WASHINGTON — A seemingly divided U.S. Supreme Court wrestled Monday with whether teenagers can be locked away forever for their crimes.
The question arose in two cases involving Florida men who are serving life prison terms with no chance of parole for crimes they committed as teenagers. Their lawyers argue that the sentences for people so young are cruel and unusual, in violation of the Constitution, because young people have greater capacity to change.
The U.S. Constitution specifically bans but does not define "cruel and unusual punishment."
Justice Anthony Kennedy wrote the Supreme Court opinion four years ago that ruled out the death penalty for people under 18, judging them less responsible than adults. So most eyes were on him Monday as the court considered whether to extend that rationale to life without parole sentences.
But Kennedy offered little hint of his position, at one point suggesting it might be difficult to distinguish between juveniles and adults in cases that do not involve the death penalty.
"Why does a juvenile have a constitutional right to hope, but an adult does not?" he asked.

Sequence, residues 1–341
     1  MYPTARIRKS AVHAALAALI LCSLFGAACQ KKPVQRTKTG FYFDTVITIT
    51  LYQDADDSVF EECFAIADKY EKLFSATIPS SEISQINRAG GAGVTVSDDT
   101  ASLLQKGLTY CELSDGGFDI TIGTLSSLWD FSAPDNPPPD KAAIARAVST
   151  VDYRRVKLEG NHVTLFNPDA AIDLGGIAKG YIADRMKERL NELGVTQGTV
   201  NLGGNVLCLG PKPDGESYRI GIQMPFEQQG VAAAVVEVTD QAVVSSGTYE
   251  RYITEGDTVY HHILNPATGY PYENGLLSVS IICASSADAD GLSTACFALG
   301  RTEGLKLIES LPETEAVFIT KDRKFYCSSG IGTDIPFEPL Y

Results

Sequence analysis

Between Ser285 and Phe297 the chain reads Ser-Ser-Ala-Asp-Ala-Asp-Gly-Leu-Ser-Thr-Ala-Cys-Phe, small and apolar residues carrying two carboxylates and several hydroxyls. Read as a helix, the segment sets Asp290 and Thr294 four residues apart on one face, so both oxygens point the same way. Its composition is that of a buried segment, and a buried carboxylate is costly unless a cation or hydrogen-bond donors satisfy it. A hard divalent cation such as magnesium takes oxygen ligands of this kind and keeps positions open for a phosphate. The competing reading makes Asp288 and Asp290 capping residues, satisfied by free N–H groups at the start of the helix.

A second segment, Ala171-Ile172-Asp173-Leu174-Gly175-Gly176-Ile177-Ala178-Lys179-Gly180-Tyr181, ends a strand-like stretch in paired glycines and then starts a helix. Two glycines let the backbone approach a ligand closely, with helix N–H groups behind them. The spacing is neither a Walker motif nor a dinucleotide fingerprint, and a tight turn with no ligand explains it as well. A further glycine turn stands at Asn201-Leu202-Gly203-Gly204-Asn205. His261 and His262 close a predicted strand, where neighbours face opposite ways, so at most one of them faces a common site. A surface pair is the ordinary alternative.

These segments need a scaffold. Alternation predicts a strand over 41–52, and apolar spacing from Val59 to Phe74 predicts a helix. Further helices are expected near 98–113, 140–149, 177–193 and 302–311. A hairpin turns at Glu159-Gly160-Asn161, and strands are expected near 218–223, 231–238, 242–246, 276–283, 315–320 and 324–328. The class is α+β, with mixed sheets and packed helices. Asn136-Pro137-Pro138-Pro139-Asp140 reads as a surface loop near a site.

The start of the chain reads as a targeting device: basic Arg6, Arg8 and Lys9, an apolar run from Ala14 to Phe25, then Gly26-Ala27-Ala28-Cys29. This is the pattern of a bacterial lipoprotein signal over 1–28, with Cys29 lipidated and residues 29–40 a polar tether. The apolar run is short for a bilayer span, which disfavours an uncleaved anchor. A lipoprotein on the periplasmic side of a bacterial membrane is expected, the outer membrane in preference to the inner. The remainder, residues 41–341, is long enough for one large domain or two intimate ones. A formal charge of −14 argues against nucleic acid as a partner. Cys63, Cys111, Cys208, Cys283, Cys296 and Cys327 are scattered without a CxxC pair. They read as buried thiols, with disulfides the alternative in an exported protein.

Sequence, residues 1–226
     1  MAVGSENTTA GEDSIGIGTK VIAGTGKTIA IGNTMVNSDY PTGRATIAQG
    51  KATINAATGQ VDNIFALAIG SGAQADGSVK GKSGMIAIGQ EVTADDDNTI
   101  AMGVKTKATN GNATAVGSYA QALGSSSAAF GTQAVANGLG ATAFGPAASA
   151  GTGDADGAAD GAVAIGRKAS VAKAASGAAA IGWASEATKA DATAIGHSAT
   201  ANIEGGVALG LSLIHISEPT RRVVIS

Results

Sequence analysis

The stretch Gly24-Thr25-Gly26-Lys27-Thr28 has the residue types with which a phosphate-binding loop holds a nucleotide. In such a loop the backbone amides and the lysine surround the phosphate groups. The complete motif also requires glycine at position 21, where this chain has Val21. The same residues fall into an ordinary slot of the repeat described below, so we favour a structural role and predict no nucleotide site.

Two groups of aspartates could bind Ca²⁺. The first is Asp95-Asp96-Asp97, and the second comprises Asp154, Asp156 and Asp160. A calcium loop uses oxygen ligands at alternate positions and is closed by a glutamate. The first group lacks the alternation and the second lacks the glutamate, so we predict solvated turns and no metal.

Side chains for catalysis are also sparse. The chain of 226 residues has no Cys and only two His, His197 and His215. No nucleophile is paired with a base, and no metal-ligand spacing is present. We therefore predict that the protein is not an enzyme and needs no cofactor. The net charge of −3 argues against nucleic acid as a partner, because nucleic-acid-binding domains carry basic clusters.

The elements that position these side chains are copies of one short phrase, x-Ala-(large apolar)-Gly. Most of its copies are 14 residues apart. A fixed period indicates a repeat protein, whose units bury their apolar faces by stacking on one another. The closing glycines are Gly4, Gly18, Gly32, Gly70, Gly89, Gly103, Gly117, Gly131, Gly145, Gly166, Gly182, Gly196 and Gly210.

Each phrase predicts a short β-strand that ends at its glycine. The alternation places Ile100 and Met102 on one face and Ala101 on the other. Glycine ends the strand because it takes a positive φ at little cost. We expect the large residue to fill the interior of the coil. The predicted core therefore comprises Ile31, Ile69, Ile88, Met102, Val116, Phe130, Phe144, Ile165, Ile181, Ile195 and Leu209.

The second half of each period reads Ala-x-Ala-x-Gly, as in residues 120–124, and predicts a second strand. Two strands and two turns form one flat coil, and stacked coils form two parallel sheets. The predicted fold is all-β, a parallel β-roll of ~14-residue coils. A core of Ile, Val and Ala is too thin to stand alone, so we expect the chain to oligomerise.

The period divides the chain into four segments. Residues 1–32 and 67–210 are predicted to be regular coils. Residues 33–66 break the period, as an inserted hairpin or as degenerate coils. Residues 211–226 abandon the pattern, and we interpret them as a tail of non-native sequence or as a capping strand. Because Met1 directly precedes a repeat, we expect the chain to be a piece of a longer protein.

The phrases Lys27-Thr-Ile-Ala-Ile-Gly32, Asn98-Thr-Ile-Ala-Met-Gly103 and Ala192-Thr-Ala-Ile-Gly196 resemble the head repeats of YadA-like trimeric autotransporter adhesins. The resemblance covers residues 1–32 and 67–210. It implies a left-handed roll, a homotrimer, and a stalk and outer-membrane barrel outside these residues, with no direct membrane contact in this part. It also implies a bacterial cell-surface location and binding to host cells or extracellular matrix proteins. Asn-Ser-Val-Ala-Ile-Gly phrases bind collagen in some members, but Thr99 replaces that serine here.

Justice Ruth Bader Ginsburg provided a possible answer, wondering whether teenagers can be accurately evaluated at the time they are sentenced. It may be possible that only after some years have passed that the state can determine, "Has this person overcome those youthful disabilities?" she said.
On the other side of the issue, Justice Samuel Alito questioned whether every last juvenile offender had to be given a second chance. "Some of the actual cases in which this sentence has been imposed in Florida involve factual situations that are so horrible that I couldn't have imagined them if I hadn't actually seen them," Alito said, recounting two that involved the rape of children.
In the two cases before the court, Joe Sullivan was sent away for life for raping an elderly woman when he was 13 and Terrance Graham was implicated in armed robberies when he was 16 and 17.
Graham, now 22, and Sullivan, now 34, are in Florida prisons, which hold more than 70 percent of juvenile defendants locked up for life for crimes other than homicide.
The justices could distinguish between the two based on the difference in their ages at the time of the crimes: It could rule that someone as young as Sullivan was must eventually be considered for parole without granting Graham any relief from his sentence.
Sullivan's lawyer, Bryan Stevenson, stated his basic argument simply: "To say to any child of 13 that you are only fit to die in prison is cruel." Sullivan would be resentenced to 40 years in prison if he were to win his case at the high court, he said.
Kennedy's opinion in 2005 was rooted in two principles — that death is different from other punishments and that children are less culpable than adults.